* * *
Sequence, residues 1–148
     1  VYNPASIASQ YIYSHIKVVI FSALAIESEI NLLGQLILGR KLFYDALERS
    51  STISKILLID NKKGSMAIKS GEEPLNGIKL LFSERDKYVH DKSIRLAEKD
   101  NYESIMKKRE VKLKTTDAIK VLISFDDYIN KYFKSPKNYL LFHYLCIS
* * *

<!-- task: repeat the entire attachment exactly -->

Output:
Sequence, residues 1–148
     1  VYNPASIASQ YIYSHIKVVI FSALAIESEI NLLGQLILGR KLFYDALERS
    51  STISKILLID NKKGSMAIKS GEEPLNGIKL LFSERDKYVH DKSIRLAEKD
   101  NYESIMKKRE VKLKTTDAIK VLISFDDYIN KYFKSPKNYL LFHYLCIS